Thursday, May 27, 2004

News briefs



Same-sex wedding prohibition backed

Congress should outlaw gay marriage with a constitutional amendment, Hamilton County commissioners opined on a 2-1 vote Wednesday. "(Gay marriage) is going to cost us money," Commissioner John Dowlin said. "I would imagine there's going to be more divorces, more child-support claims, more things of that nature. Plus, there's the issue of what do you do about medical insurance." Dowlin authored the resolution calling on Congress to pass an amendment that's been introduced defining marriage as a union between a man and a woman. Fellow Republican Phil Heimlich voted with him. Democrat Todd Portune voted against it. Gay marriage is not a matter the commissioners need weigh in on, Portune said*

St. Ursula moving senior tea indoors

It took the mating call of a red-eyed bug to change an 83-year-old tradition at St. Ursula Academy in East Walnut Hills. When this year's 178 graduates gather today in their formal dresses, hats and gloves for the annual senior tea, it won't be on the lawn and in the parlors of their East Walnut Hills campus - as it has since the tea began in 1911. Thanks to the arrival of the 17-year Brood X cicadas, this year's gathering has been moved to Seton Hall on the College of Mount St. Joseph's campus in Delhi Township. There, the girls - roses in hand - will greet mothers, grandmothers, sisters, aunts, alumnae and friends in receiving-line fashion.

The expert speaks at Museum Center

Dr. Gene Kritsky, a cicada expert and Cincinnati Museum Center adjunct curator, will speak on the history of periodical cicadas at 7:30 p.m. today in the Reakirt Auditorium, Cincinnati Museum Center at Union Terminal, 1301 Western Ave., West End. Kritsky's talk will include how cicadas became known as locusts and why they were considered a plague when European settlers in North America first encountered them. The lecture is free to the public.

Awareness Day recalls sweeps

A homeless-awareness day will be from 11 a.m. to 3 p.m. June 12 in Covington's Goebel Park at 5th and Philadelphia streets. Lunch, clothing, personal-hygiene items and information about services for the homeless will be available at the park. There will also be a speech on homeless issues. The event is a way of remembering the city's sweeps of homeless camps and a 2002 homeless march, which drew hundreds concerned about the way homeless were being treated, according the Recovery Network of Northern Kentucky. People who have been homeless organized the event with the support of the Recovery Network and the Northern Kentucky Homeless and Housing Coalition.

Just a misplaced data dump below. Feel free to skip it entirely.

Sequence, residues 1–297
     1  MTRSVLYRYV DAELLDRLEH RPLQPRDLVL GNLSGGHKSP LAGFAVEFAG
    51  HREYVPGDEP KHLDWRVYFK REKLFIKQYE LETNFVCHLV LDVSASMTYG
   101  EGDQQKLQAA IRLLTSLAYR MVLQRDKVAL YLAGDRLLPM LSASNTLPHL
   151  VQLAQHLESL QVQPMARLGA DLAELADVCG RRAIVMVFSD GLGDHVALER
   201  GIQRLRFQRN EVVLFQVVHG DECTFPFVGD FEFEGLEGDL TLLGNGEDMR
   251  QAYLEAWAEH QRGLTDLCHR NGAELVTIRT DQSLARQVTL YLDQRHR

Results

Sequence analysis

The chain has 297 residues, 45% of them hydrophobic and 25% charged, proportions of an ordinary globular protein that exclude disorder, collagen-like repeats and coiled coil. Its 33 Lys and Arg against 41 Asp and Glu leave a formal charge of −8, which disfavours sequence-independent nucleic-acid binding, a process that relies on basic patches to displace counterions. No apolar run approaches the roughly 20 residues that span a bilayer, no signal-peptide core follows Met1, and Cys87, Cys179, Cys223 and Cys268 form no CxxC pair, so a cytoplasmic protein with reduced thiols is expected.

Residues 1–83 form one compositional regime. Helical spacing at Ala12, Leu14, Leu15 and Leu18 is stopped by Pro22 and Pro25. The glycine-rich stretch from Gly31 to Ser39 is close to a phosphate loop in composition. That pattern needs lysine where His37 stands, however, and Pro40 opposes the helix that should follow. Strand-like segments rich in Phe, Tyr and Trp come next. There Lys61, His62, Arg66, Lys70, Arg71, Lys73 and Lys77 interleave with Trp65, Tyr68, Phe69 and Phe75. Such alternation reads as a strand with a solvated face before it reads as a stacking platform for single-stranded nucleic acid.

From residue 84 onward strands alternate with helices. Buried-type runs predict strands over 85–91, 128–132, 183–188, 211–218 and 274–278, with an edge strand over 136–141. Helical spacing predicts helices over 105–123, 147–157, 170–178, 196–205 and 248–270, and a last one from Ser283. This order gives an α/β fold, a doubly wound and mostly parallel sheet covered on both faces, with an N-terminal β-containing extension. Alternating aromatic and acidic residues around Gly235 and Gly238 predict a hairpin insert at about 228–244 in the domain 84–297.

TRAFFIC WATCH

The following streets will be closed at 6 p.m. Friday for Taste of Cincinnati: Central Parkway between Plum and Main streets; and Race, Vine and Walnut between Court and 12th streets. Parking within the closed area is prohibited. The streets will be reopened 5 a.m. Tuesday.




TOP STORIES
Miami U. leads the way in local graduation rates
Graduation rates bleak, but NKU has a plan
Fox faces ethics complaint
Dark days gone, now Amber can shine
Rats emerging from sewers rattle Delhi

IN THE TRISTATE
False burglar alarms plummet after fines start
Suspect indicted in stabbing death of Hamilton man
Sycamore, CCD plays win
Gun-training charges dropped after being filed in wrong court
Taping of 'Cops' angers some on city council
DeWine offers plan to crack down on landlord violations
Drake Center levy criticized
Mom gets year for giving kids alcohol, drugs
Fenwick ceremony to honor dead teens
Lakota selects two principals, one assistant
News briefs
Commission backs custody policy
Neighbors briefs
Teacher's memorial her own design
Norwood official sees levy going down
Bingo bill compromise reached to help small clubs cover costs
Bill aims to require mottoes in schools
Concrete or asphalt? Only time will tell
Bill looks to ease schools' fears of discipline suits
Lawmakers voting on electronic slots
Public safety briefs
Classroom briefs
St. Vivian group seeks pastor's dismissal
W. Chester to pay schools
Woodlawn police face inquiry
Cancer survivor helping others

ENQUIRER COLUMNISTS
Crowley: Consultant's campaigns go swimmingly
Bronson: War on drugs won't be won with handout
Good Things Happening

LIVES REMEMBERED
Stubby Fouts' voice a legend

KENTUCKY STORIES
Beer- for-vote case goes to jury
Callahan to urge another budget try
Death in Devou Park a mystery
Student portfolios under fire